CLFs Ultra lasers help to understand how plastic solar panels work
04 Jul 2014



A paper published in Nature Communications this week describes how the CLFs femtosecond Raman spectroscopy lasers have been used to reveal chemistry at work in plastic solar panels.




An international group of collaborators have used the femtosecond Raman spectroscopy lasers available on the CLF's Ultra system to reveal chemistry at work in plastic solar panels. The team, led by Prof. Sophia Hayes of the University of Cyprus, was a collaboration between University of Cyprus, the University of Montreal (Francoise Provencher, Carlos Silva, Nicola Berube and Michael Cote), Imperial College, London (Christoph Hellman and Natalie Stingelin) and the CLF (Tony Parker, Greg Greetham and Mike Towrie).

The research, published in Nature Communications (link opens in a new window), focused on the fundamental beginnings of the reactions that underpin solar energy conversion devices, studying the new brand of photovoltaic diodes that are based on blends of polymeric semiconductors and fullerene derivatives. A better understanding of how 'plastic' solar panels work is required to improve and make more cost efficient devices that can be more widely used for our ever increasing needs for energy.  

In these devices, the absorption of light fuels the formation of an electron and a positive charged species. To ultimately provide electricity, these two attractive species must separate and the electron must move away. If the electron is not able to move away fast enough then the positive and negative charges simply recombine and effectively nothing changes. The overall efficiency of solar devices compares how much recombines and how much separates.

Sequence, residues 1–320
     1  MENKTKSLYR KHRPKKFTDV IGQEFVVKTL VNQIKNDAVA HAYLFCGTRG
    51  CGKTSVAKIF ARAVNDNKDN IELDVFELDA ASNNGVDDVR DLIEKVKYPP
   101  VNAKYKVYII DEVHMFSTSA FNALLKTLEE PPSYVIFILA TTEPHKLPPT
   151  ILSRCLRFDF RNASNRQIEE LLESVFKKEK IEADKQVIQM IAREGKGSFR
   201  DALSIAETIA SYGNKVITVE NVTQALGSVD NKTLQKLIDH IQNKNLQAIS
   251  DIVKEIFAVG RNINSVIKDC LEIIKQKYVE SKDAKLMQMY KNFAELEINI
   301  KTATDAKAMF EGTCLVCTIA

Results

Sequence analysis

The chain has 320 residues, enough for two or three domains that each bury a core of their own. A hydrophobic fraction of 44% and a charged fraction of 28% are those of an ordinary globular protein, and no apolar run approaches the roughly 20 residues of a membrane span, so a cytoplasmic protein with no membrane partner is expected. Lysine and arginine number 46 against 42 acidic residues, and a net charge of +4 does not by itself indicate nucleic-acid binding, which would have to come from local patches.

The team used the femtosecond stimulated raman spectroscopy (FSRS) technique available on the Ultra system to reveal what happens within the solar panels under photo-stimulated chemistry. The technique gives details on how chemical bonds change during extremely fast chemical reactions. 
FSRS requires 3 laser beams to record the structural changes occurring when the plastic is excited.  First, a green pulse activates the polymer to create an electronic excited state. Then, a pair of near infra-red and white light continuum pulses are used to generate the Raman spectrum that records vibrational modes of the excited molecule. The ultrashort lasers pulses enable a time resolution of less than 300 femtoseconds. Credit: University of Montreal. 

Firstly, they found that after the electron moves away from the positive centre, the rapid molecular rearrangement must be prompt and resemble the final products within around 300 femtoseconds. This promptness and speed enhances and helps maintain charge separation.

Secondly, the researchers noted that any ongoing relaxation and molecular reorganisation processes following this initial charge separation, as visualised using the FSRS method, should be extremely small. 

These findings open avenues for future research into understanding the differences between material systems that actually produce efficient solar cells and systems that should be as efficient but in fact do not perform as well. A greater understanding of what works and what doesn't will obviously enable better solar panels to be designed in the future.



Contact: Springate, Emma (STFC,RAL,CLF)